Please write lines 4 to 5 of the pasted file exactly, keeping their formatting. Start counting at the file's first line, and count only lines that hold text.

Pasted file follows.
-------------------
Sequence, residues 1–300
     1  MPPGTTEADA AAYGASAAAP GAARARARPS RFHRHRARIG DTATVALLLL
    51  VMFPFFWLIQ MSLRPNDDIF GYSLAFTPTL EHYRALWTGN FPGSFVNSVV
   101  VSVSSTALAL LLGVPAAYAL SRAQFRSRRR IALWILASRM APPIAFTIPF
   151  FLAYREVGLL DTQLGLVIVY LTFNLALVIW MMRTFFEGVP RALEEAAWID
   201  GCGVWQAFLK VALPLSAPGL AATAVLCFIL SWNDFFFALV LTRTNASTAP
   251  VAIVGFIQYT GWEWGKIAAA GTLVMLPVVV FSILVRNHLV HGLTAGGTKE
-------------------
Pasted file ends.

   101  VSVSSTALAL LLGVPAAYAL SRAQFRSRRR IALWILASRM APPIAFTIPF
   151  FLAYREVGLL DTQLGLVIVY LTFNLALVIW MMRTFFEGVP RALEEAAWID